4. HRW consulted a “coalition” of French NGOs, citing a report published by the BDS organization AFPS. In March 2017, AFPS, along with groups including International Federation of Human Rights (FIDH), Al-HaqCCFD- Terre Solidaire, and the French League of Human Rights (LDH), published a document ‘The dangerous ties between French banks and insurances companies with the Israeli occupation‘, which recommends that the French government pressure French financial institutions to “disengage without delay from any financial link with the Israeli banking system,” and create “a legislative proposal prohibiting enterprises from all sectors to invest in the settlements.” The report only points to very minor and indirect connections, if at all, to settlements, and French courts have repeatedly found that such business activity is not illegal. In 2015, these same NGOs published “Orange’s Dangerous Liaisons in the Occupies Palestinian Territory,” targeting the French corporation Orange Group and “the French State as Orange’s principal majority shareholder.” Efforts to pressure Orange included attending the Orange annual shareholders meeting and lobbying of the French government.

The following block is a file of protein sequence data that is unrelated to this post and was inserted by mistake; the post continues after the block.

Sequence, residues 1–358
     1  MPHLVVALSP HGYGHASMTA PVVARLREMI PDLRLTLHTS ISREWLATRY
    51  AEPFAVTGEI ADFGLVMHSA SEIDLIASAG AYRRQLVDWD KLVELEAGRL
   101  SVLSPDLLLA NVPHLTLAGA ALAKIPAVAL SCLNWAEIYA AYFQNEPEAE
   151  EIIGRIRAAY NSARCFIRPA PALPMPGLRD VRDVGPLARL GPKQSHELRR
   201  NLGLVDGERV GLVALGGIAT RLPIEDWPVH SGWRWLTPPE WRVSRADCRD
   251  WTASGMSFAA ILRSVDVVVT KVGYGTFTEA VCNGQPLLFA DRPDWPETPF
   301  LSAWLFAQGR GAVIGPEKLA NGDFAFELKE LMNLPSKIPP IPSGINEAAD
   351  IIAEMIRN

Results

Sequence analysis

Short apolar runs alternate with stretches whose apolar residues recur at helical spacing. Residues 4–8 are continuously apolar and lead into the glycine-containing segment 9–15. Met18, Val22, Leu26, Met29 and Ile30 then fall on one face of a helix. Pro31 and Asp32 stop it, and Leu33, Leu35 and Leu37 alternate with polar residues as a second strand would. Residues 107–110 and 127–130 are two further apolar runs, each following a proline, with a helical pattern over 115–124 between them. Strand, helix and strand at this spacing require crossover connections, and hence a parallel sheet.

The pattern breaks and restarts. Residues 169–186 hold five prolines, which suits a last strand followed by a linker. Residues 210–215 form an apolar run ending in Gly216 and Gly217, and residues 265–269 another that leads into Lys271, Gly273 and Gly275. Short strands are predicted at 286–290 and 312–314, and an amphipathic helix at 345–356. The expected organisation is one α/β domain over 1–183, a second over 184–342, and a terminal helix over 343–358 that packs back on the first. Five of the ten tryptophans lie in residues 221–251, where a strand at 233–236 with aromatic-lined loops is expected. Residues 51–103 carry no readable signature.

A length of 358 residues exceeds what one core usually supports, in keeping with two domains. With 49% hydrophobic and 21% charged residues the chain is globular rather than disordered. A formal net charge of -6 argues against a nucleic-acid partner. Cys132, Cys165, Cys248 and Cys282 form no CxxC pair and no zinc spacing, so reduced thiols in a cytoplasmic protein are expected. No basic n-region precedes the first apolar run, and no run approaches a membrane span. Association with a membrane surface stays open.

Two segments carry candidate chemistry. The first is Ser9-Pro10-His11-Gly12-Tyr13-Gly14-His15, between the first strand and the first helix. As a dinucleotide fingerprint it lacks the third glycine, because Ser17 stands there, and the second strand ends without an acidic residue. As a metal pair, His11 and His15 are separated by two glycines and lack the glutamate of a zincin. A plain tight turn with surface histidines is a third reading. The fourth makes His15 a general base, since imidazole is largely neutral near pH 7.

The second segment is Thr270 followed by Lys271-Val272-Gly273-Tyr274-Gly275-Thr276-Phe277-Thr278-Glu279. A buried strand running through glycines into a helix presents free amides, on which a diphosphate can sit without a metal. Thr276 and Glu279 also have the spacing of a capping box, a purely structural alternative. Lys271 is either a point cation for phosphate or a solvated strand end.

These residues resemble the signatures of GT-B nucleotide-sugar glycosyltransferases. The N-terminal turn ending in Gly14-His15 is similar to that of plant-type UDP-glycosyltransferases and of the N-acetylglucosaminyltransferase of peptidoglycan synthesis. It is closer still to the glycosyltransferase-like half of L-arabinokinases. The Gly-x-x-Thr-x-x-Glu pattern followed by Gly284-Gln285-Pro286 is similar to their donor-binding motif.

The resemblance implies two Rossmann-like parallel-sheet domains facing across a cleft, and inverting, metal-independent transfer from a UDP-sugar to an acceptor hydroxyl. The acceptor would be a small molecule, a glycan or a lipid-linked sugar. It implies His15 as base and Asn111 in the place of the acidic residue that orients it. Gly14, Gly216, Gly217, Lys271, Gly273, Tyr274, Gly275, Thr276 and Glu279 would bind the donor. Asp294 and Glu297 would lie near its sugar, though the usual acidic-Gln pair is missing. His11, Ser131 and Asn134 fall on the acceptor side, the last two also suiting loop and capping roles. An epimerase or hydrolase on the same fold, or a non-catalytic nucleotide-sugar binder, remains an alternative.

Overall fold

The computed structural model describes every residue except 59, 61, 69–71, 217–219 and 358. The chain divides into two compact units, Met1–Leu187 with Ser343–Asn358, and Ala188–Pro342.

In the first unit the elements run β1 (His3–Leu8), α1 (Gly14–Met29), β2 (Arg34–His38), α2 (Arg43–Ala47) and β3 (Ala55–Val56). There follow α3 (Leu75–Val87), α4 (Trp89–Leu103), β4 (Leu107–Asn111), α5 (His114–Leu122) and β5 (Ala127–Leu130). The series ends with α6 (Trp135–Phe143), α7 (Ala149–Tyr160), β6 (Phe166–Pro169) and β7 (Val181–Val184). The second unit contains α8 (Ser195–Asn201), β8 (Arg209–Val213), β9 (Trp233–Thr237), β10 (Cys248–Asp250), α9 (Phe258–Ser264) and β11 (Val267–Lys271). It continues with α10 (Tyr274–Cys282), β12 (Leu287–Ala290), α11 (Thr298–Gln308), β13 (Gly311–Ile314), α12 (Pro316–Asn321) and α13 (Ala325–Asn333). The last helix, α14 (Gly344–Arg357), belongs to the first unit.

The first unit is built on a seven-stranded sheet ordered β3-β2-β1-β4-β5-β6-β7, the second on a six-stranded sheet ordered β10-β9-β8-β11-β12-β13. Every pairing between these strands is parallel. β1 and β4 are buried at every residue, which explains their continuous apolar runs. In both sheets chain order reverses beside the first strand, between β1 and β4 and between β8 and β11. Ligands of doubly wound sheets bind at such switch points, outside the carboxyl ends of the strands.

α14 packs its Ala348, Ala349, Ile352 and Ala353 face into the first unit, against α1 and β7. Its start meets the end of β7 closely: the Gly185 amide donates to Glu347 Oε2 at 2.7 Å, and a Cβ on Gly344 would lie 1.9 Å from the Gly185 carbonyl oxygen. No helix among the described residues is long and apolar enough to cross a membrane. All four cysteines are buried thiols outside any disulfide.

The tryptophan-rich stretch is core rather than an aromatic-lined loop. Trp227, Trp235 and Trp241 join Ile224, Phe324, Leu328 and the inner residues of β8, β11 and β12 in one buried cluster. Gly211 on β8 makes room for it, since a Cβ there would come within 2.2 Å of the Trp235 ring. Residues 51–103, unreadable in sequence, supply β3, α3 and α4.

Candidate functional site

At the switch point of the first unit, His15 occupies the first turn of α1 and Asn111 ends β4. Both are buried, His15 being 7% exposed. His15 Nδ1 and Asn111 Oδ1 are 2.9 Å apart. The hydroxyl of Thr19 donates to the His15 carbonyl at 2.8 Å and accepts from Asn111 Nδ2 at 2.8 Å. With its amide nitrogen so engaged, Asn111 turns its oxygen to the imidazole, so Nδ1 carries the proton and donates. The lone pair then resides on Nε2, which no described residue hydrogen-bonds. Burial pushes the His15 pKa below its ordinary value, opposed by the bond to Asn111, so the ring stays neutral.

5. Flawed Methodology
    1. In addition to its reliance on one-sided politically oriented NGOs, HRW’s methodology suffers from other failures and the resulting report is therefore wrought with bias. For example, HRW claims that it interviewed an “expert in Israeli property law” and an “Israeli real estate agent” without providing the details of these individuals, their qualifications, or even what questions were asked to them. HRW also states that it only visited a selection of banks, construction projects, and Palestinian villages. It is unclear how or why these locations were selected.